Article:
After the war he spoke in favor of civil and voting rights for the recently freed slaves, an opinion not common among high-ranking Confederates.
Beauregard's military writings include The Principles and Maxims of the Art of War, Report on the Defense of
Charleston, and A Commentary on the Campaign and
Battle of Manassas.
Beauregard and Jefferson Davis published a series of bitter accusations and counter-accusations, blaming each other in retrospect for the defeat of the Confederacy.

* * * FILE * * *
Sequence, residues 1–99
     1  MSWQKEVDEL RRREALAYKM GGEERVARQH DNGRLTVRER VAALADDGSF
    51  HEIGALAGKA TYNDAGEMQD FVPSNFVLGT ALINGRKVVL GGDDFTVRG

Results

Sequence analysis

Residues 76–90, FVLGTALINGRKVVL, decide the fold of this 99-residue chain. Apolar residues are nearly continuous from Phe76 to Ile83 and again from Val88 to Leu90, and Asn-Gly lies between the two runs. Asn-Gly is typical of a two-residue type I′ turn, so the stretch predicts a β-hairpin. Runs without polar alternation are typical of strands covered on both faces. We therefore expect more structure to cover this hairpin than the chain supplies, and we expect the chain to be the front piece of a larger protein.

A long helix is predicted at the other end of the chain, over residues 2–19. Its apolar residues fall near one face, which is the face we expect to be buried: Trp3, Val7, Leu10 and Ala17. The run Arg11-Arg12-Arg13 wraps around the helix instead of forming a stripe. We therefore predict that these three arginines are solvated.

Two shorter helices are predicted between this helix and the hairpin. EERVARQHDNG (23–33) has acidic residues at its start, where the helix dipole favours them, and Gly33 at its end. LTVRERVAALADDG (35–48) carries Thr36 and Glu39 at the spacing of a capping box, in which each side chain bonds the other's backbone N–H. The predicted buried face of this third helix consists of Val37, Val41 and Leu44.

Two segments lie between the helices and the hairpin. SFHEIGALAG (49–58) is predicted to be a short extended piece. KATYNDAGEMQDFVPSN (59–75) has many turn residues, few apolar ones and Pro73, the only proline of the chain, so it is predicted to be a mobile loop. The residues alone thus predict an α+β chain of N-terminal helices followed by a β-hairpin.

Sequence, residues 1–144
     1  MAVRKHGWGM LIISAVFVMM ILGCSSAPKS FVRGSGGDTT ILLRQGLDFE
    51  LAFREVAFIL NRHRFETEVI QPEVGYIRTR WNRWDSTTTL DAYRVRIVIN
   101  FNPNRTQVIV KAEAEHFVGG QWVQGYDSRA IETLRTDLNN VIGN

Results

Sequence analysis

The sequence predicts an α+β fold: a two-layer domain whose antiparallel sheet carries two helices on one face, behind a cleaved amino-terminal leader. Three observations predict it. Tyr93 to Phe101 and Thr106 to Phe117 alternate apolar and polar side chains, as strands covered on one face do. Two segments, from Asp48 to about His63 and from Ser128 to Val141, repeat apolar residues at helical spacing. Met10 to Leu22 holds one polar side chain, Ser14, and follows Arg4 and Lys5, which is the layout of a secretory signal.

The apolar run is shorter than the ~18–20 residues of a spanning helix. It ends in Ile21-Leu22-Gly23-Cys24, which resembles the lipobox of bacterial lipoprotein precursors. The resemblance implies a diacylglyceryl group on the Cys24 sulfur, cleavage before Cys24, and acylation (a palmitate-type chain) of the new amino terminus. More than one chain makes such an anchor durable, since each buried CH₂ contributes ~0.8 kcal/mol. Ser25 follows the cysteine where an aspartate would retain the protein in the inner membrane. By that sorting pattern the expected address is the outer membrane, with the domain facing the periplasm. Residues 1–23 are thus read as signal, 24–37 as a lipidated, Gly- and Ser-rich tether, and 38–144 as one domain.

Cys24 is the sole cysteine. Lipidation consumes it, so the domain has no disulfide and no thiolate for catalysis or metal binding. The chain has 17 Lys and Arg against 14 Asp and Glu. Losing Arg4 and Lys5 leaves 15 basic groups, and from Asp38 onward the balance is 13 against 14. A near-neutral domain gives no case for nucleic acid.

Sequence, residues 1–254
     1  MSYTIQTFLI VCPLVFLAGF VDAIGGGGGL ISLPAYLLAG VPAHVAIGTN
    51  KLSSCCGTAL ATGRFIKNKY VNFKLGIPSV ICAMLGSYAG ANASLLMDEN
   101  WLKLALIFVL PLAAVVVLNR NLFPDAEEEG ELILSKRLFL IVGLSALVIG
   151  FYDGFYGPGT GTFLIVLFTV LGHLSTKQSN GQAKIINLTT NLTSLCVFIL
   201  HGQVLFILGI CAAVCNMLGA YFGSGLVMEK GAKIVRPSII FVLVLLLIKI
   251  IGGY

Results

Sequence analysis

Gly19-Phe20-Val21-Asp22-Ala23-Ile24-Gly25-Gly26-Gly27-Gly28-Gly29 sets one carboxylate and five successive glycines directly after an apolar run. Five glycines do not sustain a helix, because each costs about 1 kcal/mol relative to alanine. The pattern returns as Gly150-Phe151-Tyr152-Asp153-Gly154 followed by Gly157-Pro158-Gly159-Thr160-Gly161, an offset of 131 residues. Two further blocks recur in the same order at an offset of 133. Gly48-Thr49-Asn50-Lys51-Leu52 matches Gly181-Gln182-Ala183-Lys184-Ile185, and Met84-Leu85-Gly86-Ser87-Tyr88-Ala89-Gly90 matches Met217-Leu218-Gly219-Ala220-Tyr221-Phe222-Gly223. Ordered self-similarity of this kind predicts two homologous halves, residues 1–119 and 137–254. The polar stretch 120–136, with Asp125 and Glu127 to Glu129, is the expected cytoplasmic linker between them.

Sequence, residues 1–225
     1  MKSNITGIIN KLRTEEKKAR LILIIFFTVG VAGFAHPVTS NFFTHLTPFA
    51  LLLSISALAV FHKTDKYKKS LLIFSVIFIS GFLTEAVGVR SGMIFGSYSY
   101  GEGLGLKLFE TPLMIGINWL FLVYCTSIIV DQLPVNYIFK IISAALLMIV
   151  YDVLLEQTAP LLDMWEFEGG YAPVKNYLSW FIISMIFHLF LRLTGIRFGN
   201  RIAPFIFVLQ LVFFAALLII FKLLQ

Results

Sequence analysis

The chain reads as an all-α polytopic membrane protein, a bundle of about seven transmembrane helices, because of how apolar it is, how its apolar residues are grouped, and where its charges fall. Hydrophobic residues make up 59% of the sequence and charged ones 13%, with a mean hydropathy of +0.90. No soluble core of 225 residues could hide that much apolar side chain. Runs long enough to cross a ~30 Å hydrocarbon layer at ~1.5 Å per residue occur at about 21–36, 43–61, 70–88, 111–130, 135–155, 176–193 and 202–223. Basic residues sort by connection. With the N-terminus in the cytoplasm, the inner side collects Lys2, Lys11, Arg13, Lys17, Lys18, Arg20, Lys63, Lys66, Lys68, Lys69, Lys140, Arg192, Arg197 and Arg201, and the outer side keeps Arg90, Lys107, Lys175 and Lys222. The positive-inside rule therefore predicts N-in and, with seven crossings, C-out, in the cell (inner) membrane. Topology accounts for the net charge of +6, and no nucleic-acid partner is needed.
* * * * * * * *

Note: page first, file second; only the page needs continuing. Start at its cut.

General Beauregard declined offers to take command of the armies of Romania (1866) and Egypt (1869).
He became involved in promotion of railroads, both as a company director and a consulting engineer. He invented a system of cable-powered street railway cars.
He served in the government of the State of Louisiana, first as adjutant general, and then less successfully as manager of the Louisiana State Lottery. Though considered personally honest, he failed to reform corruption in the Lottery system.
P.G.T. Beauregard died in
New Orleans. He was buried in Metairie Cemetery.